By Nona Tepper
The night Beti Atilano landed in Puerto Rico, she slept in her car. She didn't know anyone, didn't know any hotels, so she rented an SUV, started driving and didn't stop.
"I didn't tell anybody," she said. "I had friends on the phone telling me to stay in the first place I find, and I remember just driving to this little strip mall and sleeping in the parking lot."
That was March 1, days after Atilano, a Forest Park resident, spearheaded "Forest Park 4 Puerto Rico," a fundraiser that raised at least $10,000 for World Central Kitchen, a nonprofit comprising celebrity chefs who raise awareness and donate food to the hurricane-devastated island. In the three months since the fundraiser, Atilano has learned a lot.
She's visited Puerto Rico at least six more times. She doesn't sleep in cars anymore. Instead of raising money for independent organizations, she founded Global Citizen USA, a nonprofit that provides long-term survival and disaster relief services to environmentally devastated areas. Atilano is currently focusing on Puerto Rico, but eventually plans to expand her work to Mexico, Haiti, Cape Town in South Africa and more.
"I've always heard people say you're only one person, but I swear you can make a big impact," she said.
In early May, Carmen Yulin Cruz, the mayor of San Juan who famously criticized President Donald Trump's response to the hurricanes, emailed Atilano asking, "What do you need from me?" Atilano's trained volunteers, alongside the Red Cross, the Federal Emergency Management Agency, AmeriCorps and others, on how to install solar generators, smoke detectors, filter water, etc.
All in anticipation of hurricane season, which officially started on June 1.
After Hurricane Irma and Hurricane Maria hit the area within two weeks of each other last year, Atilano said islanders now feel panicked about what the 2018 storm season will bring. In early May, a study published in the New England Journal of Medicine estimated that the two storms caused more than 4,600 Puerto Ricans to die, an estimate much higher than the government's official tally of 64.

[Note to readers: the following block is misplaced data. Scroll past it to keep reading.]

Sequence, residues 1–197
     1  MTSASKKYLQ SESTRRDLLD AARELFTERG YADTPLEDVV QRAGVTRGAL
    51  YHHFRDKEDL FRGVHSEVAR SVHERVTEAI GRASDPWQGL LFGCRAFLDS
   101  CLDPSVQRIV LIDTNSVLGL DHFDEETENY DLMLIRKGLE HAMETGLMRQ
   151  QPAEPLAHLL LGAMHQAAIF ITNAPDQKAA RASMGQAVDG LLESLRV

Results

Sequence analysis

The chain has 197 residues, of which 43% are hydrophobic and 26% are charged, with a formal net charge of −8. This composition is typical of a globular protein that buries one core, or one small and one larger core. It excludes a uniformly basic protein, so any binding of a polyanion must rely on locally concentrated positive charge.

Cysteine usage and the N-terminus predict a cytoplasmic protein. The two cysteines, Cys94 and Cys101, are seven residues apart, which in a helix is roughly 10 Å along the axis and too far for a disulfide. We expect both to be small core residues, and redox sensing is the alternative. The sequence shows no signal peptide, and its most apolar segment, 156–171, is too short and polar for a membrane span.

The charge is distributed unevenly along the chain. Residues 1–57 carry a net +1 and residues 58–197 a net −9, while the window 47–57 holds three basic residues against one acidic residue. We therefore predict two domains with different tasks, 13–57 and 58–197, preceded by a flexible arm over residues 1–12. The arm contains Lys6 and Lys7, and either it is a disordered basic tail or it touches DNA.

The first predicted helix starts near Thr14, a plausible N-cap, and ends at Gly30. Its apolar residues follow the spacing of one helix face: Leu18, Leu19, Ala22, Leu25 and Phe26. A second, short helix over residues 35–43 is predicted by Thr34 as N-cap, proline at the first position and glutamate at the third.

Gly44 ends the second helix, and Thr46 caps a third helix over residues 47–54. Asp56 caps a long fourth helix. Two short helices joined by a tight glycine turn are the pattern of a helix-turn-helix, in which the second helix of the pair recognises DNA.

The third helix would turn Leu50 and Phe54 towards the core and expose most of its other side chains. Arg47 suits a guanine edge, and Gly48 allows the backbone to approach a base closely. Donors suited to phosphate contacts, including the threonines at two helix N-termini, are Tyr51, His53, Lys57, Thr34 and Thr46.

"We knew a long time ago the number was off," Atilano said. "When we do distribution, people tell you their story and what they've lost, including lives. That number was very high. We got to all municipalities and towns in Puerto Rico, so it was obvious the number of deaths reported by the government was way off."
The two storms opened Atilano's eyes to the suffering on the island. She saw a video online of the destruction and debris the hurricanes left, and knew she had to do something. She had always been involved in charitable causes, but had never spearheaded a relief effort before — much less founded a nonprofit in Puerto Rico.
So after organizing "Forest Park 4 Puerto Rico," she traveled to the island for the first time to network with nonprofits, government officials and talk to people about what they need. She quickly realized that those residing outside of cities were most at-risk — bedridden seniors, those without electricity and surviving without stable food and water.
"It's very sad when you see their house is totally destroyed, all moldy and they're still living like this because it's all they can afford," she said.
In May she applied to adopt 10 schools. Across the island, she said, at least 350 schools sit vacant, shut down by politicians about three years ago during a failed attempt to privatize the island's education system. She hopes to receive approval for at least two schools in Ocean Park, which is part of the San Juan Township area. She chose that area because she wants to be near the airport so she can distribute supplies across the island.
"I'll turn some of these schools into shelters or community centers, prepping for hurricane season over there, so I'm very sure it would be all be successful," she said. "I'm 0 percent political; I'm just trying to move forward with whatever is helping people at this point."
She's also been calling around schools, churches and businesses — near and far — collecting items to benefit the ongoing relief effort. She has collected more than 350 pallets of aid items, which hold canned food, toiletries, clothing.
"You name it, it's there," she said.
Those interested in donating should contact Atilano through her Facebook page, "Global Citizens USA."
"A lot of people know me in Puerto Rico as 'Beti the Mexican,'" said Atilano, referring to her ethnic origins. "They know who I am, and they allow me to be a part of their life, saying, 'You're a Puerto Rican now.' It's humbling."
This story has been updated to reflect that many people in Puerto Rico refer to Beti Antilano as 'Beti the Mexican.'